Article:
Pope Benedict XVI has done it. Queen Beatrix of the Netherlands has done it. Will Britain's Queen Elizabeth II step aside from her 61-year reign and let the light of a new generation in?
Queen Elizabeth II and Pope Benedict XVI watch an honor guard from the Royal Company of Archers and members of the Royal Regiment of Scotland Band as the pope arrives in Edinburgh, Scotland, on Sept. 16, 2010. (Photo: Lefteris Pitarakis AFP/Getty Images)
Sorry, William -- assuming, that is, she would skip over the not-as-popular Charles and hand power directly to her grandson - Buckingham Palace says the queen's work-life balance is not likely to change in the months and years ahead.
A representative from the palace on Tuesday told USA TODAY that everything the queen, 86, wishes to say on the matter of going or staying has already, in fact, been said -- on her 21st birthday. In 1947.
The palace was referring to a speech the queen made in Cape Town, South Africa, where she was visiting with her parents and younger sister -- and had yet to receive her royal promotion. She was still known to the world as Princess Elizabeth.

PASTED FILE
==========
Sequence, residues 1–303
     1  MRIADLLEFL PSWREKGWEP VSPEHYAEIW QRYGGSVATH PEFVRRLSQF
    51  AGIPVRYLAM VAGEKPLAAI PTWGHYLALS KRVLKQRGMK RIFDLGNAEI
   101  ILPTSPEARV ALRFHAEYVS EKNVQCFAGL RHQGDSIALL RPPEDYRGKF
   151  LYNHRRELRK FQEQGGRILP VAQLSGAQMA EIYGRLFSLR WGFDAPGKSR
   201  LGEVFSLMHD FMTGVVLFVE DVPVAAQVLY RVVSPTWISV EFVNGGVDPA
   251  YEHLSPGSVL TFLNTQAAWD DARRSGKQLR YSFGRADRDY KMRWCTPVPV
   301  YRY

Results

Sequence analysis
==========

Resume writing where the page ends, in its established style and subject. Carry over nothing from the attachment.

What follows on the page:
"I declare before you all that my whole life whether it be long or short shall be devoted to your service and the service of our great imperial family to which we all belong," she said.
"We must give nothing less than the whole of ourselves. There is a motto which has been borne by many of my ancestors -- a noble motto, 'I serve'."
So she's staying, you would have to wager. And life, for the queen, means life.
"As far as we know she is a highly energized and fit octogenarian," said Miles Taylor, the director of the Institute of Historical Research in London. Taylor is currently writing a book about Queen Victoria and India.
He said that while it was certainly worth expecting the unexpected sometimes, the historical and constitutional precedent would be for the queen to remain in her role until her death. (Tell that to the pope, who broke a 600-year precedent by taking an early-out.)
The decision of her uncle, Edward VIII, to abdicate in 1936 and leave for France so that he could marry Wallis Simpson will also likely color the queen's thinking on her job, he said.
Source: USA Today | Kim Hjelmgaard